Irradiation and isolation of fission products from uranium metal–organic frameworks

  • Jacquelyn M. DorhoutEmail author
  • Marianne P. Wilkerson
  • Kenneth R. Czerwinski


Typical fission product formation experiments utilize metal or oxide target materials that must be dissolved prior to product separation. We report here a novel study using metal–organic frameworks for recovery of fission products into acidic media. We further show that the frameworks are largely preserved, such that this bulk target material could be retained for additional irradiations or characterizations. Through this approach, fission products can be separated from the actinide-based metal–organic framework using 0.01 M HNO3 without the need to dissolve the framework itself, reducing the amount of acidic waste. Extraction yields of four frameworks with varying pore sizes are compared. The results suggest that it may be possible to use porous frameworks as target materials for the extraction of select fission products.


Fission products Uranium Irradiation Metal–organic framework Acid extraction 



We would like to acknowledge Dr. D. Mast (UNLV) for single crystal analysis, Dr. T. Bredeweg (LANL) for provision of the sample holders, as well as help with the irradiations, and J. Bertoia (UNLV), T. Low (UNLV), R. Springs (UNLV), and Dr. D. Lowe (Varex) for their help with gamma-ray spectroscopy. This research was completed as part of the dissertation work for JMD [48]. For financial support of this work, we acknowledge the LANL G. T. Seaborg Institute for Transactinium Science (graduate funding to JMD), and the Domestic Nuclear Detection Office under competitively awarded contract IAA: HSHQDC-16-X-00088 (post-doctoral funding to JMD). This material is based upon work supported by the U.S. Department of Homeland Security under Grant Award Number, 2012-DN-130-NF0001. The views and conclusions contained in this document are those of the authors and should not be interpreted as representing the official policies, either expressed or implied, of the U.S. Department of Homeland Security. We also acknowledge the Development of a Synthetic Debris for Nuclear Forensics, Prime Contract No. DE-AC52-06NA25946, Subcontract No. 104777 Task Order 41. Los Alamos National Laboratory is operated by Triad National Security, LLC. for the National Nuclear Security Administration for the U.S. Department of Energy (Contract DE-SOL-0011206). LA-UR-18-30985.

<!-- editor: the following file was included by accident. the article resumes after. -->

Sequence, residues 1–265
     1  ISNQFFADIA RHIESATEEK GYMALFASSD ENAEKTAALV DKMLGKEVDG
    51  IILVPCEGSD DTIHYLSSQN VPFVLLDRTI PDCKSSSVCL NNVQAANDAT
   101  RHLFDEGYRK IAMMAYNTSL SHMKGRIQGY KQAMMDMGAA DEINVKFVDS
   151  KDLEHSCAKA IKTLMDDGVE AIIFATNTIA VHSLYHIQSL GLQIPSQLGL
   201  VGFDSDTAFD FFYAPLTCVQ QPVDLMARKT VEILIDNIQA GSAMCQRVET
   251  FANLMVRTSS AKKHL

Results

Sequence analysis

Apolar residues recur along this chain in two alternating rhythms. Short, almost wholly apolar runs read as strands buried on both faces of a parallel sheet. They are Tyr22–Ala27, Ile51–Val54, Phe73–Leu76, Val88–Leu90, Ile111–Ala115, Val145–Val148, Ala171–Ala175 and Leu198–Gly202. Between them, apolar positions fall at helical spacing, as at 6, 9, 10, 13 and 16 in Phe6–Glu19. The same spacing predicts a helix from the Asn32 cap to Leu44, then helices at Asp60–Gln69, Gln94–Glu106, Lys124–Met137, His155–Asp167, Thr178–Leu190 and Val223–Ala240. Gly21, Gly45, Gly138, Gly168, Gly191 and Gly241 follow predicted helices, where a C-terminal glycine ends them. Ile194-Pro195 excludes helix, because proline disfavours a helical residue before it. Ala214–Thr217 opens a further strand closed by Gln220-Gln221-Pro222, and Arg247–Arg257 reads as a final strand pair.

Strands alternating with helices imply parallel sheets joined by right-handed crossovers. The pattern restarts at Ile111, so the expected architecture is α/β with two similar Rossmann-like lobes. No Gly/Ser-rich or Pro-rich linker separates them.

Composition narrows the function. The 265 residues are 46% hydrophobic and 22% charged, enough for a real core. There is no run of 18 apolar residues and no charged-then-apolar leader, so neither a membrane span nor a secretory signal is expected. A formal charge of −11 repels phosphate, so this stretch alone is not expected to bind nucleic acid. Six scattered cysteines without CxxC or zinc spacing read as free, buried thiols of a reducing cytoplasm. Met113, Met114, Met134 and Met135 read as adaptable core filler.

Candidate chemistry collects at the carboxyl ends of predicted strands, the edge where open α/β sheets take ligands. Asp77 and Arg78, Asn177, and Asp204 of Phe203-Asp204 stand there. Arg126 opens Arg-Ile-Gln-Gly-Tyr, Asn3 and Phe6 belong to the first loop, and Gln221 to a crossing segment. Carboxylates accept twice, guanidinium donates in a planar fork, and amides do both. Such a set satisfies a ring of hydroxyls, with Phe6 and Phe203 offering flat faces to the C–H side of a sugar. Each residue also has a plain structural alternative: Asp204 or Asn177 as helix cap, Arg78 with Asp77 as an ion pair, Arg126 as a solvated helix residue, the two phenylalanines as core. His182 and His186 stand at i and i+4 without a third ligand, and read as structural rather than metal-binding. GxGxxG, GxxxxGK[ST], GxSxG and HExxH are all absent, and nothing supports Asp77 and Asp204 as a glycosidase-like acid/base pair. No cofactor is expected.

Compliance with ethical standards

Conflict of interest

The authors declare that they have competing interest.

Supplementary material

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Supplementary material 1 (DOCX 66 kb)


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Copyright information

© Akadémiai Kiadó, Budapest, Hungary 2019

Authors and Affiliations

  1. 1.Department of Chemistry and BiochemistryUniversity of Nevada - Las VegasLas VegasUSA
  2. 2.Chemistry DivisionLos Alamos National LaboratoryLos AlamosUSA

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